I was thinking of a few things when I was looking at grad schools. To the extent of my knowledge, not one Ivy League university has the program in which I am interested. Does that mean that I'm getting a sub par education? I hope not. When I talked to people during my search, I was asked (often enough) whether I would stay at SBU, and my reasons for choosing not to even apply. Many students seem to stay at the same university for graduate studies; for example, I've known quite a few students both at SBU and at LIU who did both undergrad and grad degrees at the same school, within the same department. I think this is a mistake. (This obviously is a personal decision. I think it tends to be a mistake because if a student stays at the same university for both undergraduate and graduate degrees, often they are learning the same material. SBU, for example, did not have different concentrations at different levels; one chose one of or several of the literature concentrations that are ensconced in the English department. I thought the professors at SBU very good, but I think one of the benefits of going to another university is to become exposed to different teaching styles and different course offerings. Go learn what professors at different institutions have to say about American Lit; go learn about different research that's being done in British Lit; etc.)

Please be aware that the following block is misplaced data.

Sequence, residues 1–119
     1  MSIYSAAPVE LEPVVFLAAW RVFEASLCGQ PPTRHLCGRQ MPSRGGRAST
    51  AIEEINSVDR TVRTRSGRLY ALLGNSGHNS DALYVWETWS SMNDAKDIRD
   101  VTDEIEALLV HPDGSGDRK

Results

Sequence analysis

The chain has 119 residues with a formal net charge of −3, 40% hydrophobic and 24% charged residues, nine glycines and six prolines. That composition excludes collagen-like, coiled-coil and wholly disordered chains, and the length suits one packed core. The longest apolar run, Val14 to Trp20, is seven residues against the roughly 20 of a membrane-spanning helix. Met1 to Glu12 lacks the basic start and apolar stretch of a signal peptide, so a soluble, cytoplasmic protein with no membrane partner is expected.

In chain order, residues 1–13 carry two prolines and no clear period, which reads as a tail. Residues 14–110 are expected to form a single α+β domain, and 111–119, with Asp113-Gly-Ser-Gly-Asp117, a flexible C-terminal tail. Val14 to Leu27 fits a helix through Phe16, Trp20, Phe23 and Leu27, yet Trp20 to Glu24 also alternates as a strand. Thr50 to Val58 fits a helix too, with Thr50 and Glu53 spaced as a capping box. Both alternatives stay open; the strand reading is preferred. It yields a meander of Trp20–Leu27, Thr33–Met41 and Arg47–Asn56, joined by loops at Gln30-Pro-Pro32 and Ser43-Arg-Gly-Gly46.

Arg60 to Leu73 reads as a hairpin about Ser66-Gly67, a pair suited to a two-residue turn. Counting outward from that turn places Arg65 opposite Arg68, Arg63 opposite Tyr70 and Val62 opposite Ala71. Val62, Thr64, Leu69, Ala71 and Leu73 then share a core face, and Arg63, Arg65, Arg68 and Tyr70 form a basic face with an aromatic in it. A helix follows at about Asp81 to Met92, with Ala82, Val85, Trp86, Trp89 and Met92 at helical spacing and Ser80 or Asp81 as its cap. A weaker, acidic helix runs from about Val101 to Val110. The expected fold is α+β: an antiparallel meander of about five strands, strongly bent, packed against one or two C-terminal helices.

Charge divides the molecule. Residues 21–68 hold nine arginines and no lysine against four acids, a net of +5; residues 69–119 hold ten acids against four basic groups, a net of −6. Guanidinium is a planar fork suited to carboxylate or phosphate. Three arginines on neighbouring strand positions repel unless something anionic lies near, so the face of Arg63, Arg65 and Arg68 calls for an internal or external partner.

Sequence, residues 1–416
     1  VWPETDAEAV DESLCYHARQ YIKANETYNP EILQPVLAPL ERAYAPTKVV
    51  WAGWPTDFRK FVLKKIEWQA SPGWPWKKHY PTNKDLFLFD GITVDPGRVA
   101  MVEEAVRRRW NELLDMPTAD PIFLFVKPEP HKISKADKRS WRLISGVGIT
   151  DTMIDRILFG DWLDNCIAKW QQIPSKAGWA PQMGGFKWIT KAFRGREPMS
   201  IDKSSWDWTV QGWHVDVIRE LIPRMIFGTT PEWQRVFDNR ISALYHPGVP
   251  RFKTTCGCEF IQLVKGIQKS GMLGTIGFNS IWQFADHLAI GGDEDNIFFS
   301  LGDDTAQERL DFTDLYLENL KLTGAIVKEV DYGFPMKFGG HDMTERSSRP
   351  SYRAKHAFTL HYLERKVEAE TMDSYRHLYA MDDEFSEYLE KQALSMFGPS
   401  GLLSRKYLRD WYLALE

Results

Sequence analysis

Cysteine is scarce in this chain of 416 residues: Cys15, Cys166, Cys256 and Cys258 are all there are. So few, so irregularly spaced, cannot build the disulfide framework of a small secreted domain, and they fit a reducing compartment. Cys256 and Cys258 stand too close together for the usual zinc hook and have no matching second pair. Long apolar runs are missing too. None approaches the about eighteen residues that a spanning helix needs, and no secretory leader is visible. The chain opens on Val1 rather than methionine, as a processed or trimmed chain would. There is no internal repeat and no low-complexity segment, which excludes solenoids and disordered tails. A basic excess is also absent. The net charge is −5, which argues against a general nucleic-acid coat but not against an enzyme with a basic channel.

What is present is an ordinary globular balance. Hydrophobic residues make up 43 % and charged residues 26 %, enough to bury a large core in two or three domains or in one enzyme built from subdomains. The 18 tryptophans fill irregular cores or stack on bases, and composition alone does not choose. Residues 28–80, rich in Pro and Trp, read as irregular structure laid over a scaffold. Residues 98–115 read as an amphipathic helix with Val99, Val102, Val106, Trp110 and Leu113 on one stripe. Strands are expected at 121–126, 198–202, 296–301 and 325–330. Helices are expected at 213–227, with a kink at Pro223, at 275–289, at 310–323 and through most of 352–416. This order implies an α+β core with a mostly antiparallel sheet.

The students I know who stay at the same school, both at SBU and at LIU, are all bright students and do well, in some cases better than I. (For the record, I graduated with a 2.93 overall G.P.A. at SBU, while within my major my G.P.A. was about a 3.23. My G.P.A. at LIU at the moment is hovering just above 3.835.) Their undergraduate G.P.A.s are often higher than mine, but I'm often doing better in grad school. SBU is, I think, probably a better school than LIU (which is not to say LIU is bad; apparently in pharmacy we're in the Top 10). Who's the better student, the one who got a higher G.P.A., or the one who went to a higher-ranked (for that department) university? Who would you hire?

I also realize that I don't know if any of my non-teacher friends are in careers in which their G.P.A.s are outright questioned, which is perhaps why I'm so uptight about maintaining mine. (This is not that my grad school cronies aren't, concerned but I suspect fewer of them have careers riding on it).